Films I saw in 2016

Here’s my annual lists of films I saw at the theatre (I don’t watch them on TV.)  I saw a very interesting series of Seijun Suzuki films at Harvard.  He inspired people like Quentin Tarantino.  “Branded to Kill” is probably the one to see if you are a Tarantino fan.

2016 Films

Dekalog 3/4/5/6/7/8/9/10 (Poland, 1989) 3.9 A series of 10 one hour made for TV Polish films by Krzysztof Kieslowski, often regarded as one of the greatest film series of all time. I saw the extended versions of #5 and #6, “A Short Film About Killing” and “A Short Film About Love”. I liked this even better than the more polished films he made after coming to the West (Red, White, Blue, etc.)

The Asphalt Jungle (US, 1950) 3.9 A near perfect film noir, directed by John Huston. Features a very young and radiant Marilyn Monroe. And the legendary Sterling Hayden.

The Wailing (Korea) 3.9 A near perfect horror film. Great films are usually outstanding for reasons unrelated to the specific genre they fall into. Think how Vertigo (thriller), 2001 (sci-fi), Apocalypse Now (war), The Shining (horror), etc., transcend their genre. (And yes, The Shining doesn’t quite belong with the other three, but you get my point.) The Wailing isn’t as original as these films, or even as original as the Korean horror film Oldboy, but it steals from the best and puts it all together brilliantly.

In a Lonely Place (US, 1950) 3.8 My all-time favorite film noir. People talk about Bogart and Bergman, or Bogart and Bacall, but Gloria Graham and Bogart are perfect in this film. They seem to be acting on a different plane of reality from everyone else. Or maybe they don’t seem to be acting at all. Heartbreaking.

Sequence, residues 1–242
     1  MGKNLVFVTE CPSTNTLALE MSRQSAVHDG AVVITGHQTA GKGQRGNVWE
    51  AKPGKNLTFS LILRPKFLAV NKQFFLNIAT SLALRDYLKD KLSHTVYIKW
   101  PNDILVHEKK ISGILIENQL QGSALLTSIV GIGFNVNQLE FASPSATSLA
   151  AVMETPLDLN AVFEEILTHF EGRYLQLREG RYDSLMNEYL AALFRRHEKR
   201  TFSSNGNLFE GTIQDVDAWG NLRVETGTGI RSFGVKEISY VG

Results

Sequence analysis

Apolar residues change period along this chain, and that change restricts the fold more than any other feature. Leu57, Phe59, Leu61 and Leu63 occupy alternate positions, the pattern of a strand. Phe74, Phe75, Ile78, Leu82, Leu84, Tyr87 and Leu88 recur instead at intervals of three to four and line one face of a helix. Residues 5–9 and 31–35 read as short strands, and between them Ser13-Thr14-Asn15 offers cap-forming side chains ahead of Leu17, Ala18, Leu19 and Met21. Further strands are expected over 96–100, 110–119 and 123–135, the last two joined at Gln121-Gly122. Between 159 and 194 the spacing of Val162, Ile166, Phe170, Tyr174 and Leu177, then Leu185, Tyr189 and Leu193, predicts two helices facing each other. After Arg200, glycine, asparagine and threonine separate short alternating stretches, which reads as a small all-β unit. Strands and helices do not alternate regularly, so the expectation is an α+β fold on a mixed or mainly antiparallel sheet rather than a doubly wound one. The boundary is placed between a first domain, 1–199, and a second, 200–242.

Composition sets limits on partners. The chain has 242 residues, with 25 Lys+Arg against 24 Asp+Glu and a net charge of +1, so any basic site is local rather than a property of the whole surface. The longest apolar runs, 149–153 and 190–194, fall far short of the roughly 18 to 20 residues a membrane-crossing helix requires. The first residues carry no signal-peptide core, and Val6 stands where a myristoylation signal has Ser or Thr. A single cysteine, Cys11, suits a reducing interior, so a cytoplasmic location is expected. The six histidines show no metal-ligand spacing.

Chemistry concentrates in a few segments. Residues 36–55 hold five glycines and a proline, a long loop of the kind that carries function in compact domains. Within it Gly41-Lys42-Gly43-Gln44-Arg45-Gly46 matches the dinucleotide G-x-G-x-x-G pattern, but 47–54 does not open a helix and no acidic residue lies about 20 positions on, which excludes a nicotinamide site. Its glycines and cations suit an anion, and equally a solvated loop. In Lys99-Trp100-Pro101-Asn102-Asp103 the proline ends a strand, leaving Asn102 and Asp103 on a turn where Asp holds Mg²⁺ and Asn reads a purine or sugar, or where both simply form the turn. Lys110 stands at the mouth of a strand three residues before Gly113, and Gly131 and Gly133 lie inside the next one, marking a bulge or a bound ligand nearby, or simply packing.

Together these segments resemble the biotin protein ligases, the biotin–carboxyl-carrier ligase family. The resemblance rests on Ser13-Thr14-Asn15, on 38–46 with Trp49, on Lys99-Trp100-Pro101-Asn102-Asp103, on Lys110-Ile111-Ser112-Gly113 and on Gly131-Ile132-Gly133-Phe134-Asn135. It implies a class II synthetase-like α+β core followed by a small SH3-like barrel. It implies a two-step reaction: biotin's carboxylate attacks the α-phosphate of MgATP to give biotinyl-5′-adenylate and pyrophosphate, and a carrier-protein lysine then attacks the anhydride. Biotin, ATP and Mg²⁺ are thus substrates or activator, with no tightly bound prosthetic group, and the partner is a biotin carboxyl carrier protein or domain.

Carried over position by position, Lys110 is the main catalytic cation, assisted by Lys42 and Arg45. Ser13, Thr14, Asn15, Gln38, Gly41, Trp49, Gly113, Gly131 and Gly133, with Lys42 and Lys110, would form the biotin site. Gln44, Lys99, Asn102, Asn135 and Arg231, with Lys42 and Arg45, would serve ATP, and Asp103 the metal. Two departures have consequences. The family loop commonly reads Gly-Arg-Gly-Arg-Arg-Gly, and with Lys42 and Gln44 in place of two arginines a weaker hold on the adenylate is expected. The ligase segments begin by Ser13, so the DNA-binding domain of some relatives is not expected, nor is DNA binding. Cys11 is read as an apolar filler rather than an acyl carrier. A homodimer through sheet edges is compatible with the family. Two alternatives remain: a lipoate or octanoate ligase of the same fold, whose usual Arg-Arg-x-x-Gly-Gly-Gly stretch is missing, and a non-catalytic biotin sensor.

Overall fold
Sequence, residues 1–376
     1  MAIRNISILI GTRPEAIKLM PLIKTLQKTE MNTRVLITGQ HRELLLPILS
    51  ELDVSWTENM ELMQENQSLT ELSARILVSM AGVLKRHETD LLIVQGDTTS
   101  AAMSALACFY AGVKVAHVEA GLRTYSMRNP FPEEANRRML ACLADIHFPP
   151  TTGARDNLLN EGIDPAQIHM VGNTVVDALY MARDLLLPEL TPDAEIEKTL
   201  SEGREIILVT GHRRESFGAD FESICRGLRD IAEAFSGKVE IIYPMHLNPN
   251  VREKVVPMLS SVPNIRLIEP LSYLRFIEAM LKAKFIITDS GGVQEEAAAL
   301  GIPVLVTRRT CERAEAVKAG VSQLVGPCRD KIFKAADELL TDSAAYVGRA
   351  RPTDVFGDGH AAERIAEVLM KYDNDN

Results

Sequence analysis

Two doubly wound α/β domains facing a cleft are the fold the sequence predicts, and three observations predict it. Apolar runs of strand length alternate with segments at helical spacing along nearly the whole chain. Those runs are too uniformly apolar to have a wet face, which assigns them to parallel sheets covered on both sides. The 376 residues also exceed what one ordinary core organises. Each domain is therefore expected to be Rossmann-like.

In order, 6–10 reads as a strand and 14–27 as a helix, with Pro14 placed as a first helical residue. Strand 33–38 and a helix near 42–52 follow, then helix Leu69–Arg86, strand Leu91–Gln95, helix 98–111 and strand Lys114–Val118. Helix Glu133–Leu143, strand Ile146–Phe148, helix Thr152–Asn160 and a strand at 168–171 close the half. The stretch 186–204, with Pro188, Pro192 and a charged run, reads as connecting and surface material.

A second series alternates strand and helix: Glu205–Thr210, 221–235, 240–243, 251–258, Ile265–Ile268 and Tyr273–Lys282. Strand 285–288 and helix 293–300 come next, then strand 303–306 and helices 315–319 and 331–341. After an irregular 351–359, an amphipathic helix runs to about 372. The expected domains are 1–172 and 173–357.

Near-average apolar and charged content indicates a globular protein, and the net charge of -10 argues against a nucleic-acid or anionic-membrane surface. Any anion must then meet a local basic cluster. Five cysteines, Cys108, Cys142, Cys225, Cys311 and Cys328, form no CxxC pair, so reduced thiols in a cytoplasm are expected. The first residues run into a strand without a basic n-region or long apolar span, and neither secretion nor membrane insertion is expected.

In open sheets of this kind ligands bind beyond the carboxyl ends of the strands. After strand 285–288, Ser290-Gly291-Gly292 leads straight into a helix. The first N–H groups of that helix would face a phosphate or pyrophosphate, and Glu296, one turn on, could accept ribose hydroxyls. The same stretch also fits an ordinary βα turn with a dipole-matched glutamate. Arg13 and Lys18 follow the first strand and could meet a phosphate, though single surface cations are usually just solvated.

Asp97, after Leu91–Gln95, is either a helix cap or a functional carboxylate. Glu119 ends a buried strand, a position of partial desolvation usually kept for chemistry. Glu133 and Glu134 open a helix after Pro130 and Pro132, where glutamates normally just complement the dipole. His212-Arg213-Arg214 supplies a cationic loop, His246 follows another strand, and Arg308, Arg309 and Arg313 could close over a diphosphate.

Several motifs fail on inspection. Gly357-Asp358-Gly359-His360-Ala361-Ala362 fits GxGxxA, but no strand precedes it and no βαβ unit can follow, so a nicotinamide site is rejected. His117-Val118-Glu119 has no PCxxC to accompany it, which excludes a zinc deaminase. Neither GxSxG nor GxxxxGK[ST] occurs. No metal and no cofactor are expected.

Happy Hour (Japan) 3.8 A five and a half hour film about four Japanese women who are in their late 30s, just the point where disillusionment with life is setting in. The director gave a talk afterwards. One of the actresses (who won an award at Locarno) was sitting in the same row as me.)  What if the 2 hour film is a giant mistake?  Maybe all films should either be an hour (short stories) or 5 hours (novels).

Mountains May Depart (China) 3.8   Loved this film. A very intelligent and emotionally powerful vision from Zhangke Jia. I don’t know if it’s his best, but it’s certainly my favorite. Reminded me a bit of the Taiwanese film Three Times, in the effective way it used pop music in a film encompassing three periods of time.

The Handmaiden (Korea) 3.7 A return to form by Park Chan-wook. Not as original as Oldboy, but otherwise a beautifully made film.

The Forbidden Room (Canada) 3.7   This one really should be seen on the big screen. Strongly influenced by silent film, but otherwise kind of indescribable. This is the sort of film that differentiates cinema from TV.

Eyes Wide Shut (US, 1999) 3.6 Kubrick’s final film seems slightly better the second time around, maybe because I was paying more attention to the style than the story. He slipped a bit late in his career, but not very much. (I love the last word of his final film.) Unfortunately it was screened in digital, which looks awful.

Cemetery of Splendour (Thai) 3.6 Made by perhaps the most interesting director in the world today, but I found it more difficult to follow than his other films, maybe because it referred to political/cultural events in Thailand on which I am not well informed.

Hunt for the Wilderpeople (New Zealand) 3.6 Very nicely done, especially the two lead actors, as well as one other who appeared early in the film.

Arrival (US) 3.6 Basically a 2-hour plea to reject the politics of Donald Trump. The aliens seemed like a mix of octopus and elephant, while their spaceship seemed like a giant whale. All three animals have a reputation as being quite intelligent. A very moving film, although two hours later you might feel like you were conned.

Our Little Sister (Japan) 3.6 Koreeda has great ability to see the good in different types of people. This is a beautiful understated film, very skillfully made. You don’t leave feeling like you’ve been emotionally beaten with a rubber hose (which is how I feel after the typical Hollywood tearjerker.) This sort of film almost makes me want to move to Japan—but I’m too dumb to learn foreign languages. My brain is wired for visual images, a trait that seems . . . well, sort of Japanese.

Moonlight (U.S.) 3.6  I didn’t like this quite as much as I expected, given the reviews, but on the other hand I found it more likable than I expected. Easier to watch.